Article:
The Integrated Survey of Living Standards (ISLS) was introduced in Armenia in 1996, followed by the one in 1998-1999; thereafter, it has been conducted every year since 2001. Starting from 2004 the survey was renamed to The Integrated Living Conditions Survey (ILCS).
Since 1996, when the survey was first implemented in Armenia, the National Statistical Service of the Republic of Armenia (NSS) with the assistance of the World Bank, USAID and other donor organizations, has been putting efforts to continuously improve the quality of data collected through household surveys, as well as to advance its own expertise in arriving at a more accurate assessment of poverty. These efforts have proven to be successful as the data collected through household surveys and the estimates of poverty based on such data became an important input in defining and monitoring the poverty reduction strategy, which is the responsibility of the Government.
In 2004, the NSS implemented significant changes to improve the Integrated Living Conditions Survey and to update the poverty assessment methodology, which was used until 2008. With the technical assistance provided by the World Bank: (1) the survey sample frame was updated using the 2001 Population Census frame, (2) the sample size was expanded to ensure representativeness of data by regions, (3) the ILCS questionnaire was revised to reflect economic and social changes between 1998/99 and 2003, as well as a comprehensive section on employment was added into the questionnaire, (4) the interviewers underwent a more profound training.
With the co-funding provided within the period of 2007-2011 by the Millennium Challenge Account - Armenia (MCA-Armenia), a state non-commercial organization, the sample size of the ILCS has been expanded to include 7,872 households annually as compared to 5,184 households in 2006 (funded from the state budget only). When activities of MCA-Armenia came to an end in 2012, the sample size was again reduced back to 5,184 households.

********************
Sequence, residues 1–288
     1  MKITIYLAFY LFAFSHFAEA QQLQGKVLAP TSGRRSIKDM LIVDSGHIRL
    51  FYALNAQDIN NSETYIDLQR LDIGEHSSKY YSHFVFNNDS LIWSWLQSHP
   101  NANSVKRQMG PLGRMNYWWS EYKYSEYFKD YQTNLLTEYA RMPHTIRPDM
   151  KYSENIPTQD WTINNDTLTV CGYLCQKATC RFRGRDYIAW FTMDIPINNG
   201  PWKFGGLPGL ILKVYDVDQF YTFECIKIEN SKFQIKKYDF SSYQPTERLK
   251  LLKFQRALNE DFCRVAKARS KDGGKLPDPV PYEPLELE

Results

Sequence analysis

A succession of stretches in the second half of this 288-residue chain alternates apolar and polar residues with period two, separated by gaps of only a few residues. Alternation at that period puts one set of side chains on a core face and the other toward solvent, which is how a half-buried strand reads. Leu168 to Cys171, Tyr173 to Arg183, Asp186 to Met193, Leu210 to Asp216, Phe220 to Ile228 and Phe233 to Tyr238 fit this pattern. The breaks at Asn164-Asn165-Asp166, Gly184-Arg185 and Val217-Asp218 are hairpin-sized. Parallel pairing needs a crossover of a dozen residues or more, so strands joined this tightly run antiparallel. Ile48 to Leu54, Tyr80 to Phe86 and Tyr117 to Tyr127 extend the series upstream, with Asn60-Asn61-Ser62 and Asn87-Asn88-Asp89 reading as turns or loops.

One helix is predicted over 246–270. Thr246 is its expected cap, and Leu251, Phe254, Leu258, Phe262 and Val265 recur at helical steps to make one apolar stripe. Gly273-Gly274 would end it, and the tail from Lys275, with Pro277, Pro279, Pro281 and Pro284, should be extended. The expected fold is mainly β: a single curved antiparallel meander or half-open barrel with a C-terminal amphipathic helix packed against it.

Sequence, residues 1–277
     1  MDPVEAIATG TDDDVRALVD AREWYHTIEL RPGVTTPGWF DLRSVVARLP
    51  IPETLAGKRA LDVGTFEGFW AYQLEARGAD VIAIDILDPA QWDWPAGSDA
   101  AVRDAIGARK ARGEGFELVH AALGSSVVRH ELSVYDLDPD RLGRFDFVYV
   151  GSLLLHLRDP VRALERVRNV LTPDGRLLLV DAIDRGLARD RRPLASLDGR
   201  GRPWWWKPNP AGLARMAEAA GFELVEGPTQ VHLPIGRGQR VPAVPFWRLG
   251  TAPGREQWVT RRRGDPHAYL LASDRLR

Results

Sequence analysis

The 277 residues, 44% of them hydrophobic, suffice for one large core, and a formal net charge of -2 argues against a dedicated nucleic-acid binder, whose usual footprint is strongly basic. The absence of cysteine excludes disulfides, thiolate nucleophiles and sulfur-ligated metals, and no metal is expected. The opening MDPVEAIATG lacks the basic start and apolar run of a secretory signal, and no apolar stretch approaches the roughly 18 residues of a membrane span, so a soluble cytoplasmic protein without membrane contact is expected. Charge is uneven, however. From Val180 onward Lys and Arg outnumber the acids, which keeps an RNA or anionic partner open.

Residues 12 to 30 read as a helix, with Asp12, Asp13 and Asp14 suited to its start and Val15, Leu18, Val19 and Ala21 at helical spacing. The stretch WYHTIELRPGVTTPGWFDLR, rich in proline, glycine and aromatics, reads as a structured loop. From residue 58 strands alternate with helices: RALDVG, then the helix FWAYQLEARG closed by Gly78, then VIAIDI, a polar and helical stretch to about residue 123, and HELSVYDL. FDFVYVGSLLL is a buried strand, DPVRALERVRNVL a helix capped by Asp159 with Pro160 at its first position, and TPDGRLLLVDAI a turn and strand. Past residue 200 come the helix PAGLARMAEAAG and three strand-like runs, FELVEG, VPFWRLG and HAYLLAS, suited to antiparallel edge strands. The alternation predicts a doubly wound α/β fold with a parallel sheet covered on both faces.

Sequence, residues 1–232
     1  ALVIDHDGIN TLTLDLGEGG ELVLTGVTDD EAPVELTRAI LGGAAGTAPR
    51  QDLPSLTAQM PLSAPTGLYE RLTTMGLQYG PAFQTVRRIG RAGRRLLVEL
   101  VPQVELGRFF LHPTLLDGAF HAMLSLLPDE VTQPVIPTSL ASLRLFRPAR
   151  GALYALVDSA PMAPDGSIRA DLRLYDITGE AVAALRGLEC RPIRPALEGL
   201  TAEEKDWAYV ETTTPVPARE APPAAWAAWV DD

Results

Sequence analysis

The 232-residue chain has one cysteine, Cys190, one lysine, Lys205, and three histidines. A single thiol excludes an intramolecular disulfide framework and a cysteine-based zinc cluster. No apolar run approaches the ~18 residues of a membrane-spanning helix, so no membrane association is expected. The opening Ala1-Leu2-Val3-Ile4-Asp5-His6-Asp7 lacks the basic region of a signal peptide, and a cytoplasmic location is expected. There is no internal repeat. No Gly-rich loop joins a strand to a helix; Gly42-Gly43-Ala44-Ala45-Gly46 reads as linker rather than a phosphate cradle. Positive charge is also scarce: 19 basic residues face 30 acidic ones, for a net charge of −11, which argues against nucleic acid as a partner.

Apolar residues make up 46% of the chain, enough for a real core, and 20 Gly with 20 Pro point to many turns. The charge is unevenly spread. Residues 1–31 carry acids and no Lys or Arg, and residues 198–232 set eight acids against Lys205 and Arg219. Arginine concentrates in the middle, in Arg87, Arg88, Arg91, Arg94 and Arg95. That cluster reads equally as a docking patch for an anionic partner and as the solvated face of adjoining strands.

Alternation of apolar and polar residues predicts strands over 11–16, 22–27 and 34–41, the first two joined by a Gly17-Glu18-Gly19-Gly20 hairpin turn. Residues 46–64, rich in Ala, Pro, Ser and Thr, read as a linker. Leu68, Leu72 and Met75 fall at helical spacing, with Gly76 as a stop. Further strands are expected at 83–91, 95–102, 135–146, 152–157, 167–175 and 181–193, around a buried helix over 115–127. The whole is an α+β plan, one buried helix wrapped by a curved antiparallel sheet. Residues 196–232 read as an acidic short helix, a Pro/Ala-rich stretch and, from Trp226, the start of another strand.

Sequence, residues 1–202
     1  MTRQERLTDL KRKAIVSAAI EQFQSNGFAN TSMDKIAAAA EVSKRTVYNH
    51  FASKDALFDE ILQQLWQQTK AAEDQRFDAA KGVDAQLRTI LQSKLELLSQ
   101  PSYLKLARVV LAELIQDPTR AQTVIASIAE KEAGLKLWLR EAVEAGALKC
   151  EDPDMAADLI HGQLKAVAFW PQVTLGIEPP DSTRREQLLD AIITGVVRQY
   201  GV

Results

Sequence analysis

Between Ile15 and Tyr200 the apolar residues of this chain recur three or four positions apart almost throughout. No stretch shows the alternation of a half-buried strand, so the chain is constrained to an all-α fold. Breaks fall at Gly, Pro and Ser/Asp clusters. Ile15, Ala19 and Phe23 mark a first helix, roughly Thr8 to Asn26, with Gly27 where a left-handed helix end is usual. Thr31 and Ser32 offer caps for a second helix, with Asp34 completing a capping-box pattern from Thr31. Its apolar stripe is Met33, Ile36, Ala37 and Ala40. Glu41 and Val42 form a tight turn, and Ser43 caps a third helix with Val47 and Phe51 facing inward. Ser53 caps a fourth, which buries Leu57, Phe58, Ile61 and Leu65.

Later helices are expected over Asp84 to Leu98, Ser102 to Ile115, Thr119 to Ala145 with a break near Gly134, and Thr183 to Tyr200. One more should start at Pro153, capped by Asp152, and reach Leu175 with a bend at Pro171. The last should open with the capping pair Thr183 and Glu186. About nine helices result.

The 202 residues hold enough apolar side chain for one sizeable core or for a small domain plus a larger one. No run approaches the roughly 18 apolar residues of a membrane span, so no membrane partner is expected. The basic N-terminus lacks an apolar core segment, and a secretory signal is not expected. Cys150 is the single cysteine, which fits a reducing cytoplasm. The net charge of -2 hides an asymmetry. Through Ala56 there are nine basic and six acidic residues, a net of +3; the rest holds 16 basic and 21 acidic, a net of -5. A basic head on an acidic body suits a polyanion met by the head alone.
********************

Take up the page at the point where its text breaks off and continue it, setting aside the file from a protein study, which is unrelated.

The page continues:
The ILCS is conducted during the year with monthly rotation of households and settlements. The survey results serve primarily to assess the level of consumption-based poverty in Armenia.
The Integrated Living Conditions Survey (ILCS), conducted annually by the NSS National Statistical Service of the Republic of Armenia, formed the basis for monitoring living conditions in Armenia. The ILCS is a universally recognized best-practice survey for collecting data to inform about the living standards of households. The ILCS comprises comprehensive and valuable data on the welfare of households and separate individuals which gives the NSS an opportunity to provide the public with up to date information on the population’s income, expenditures, the level of poverty and the other changes in living standards on an annual basis.
Kind of Data
Sample survey data [ssd]
Unit of Analysis
The scope of the Integrated Living Conditions Survey includes:
- List of Household Members;
- Housing and Dwelling Conditions;
- Food Production;
- Monetary and Commodity Flows between Households;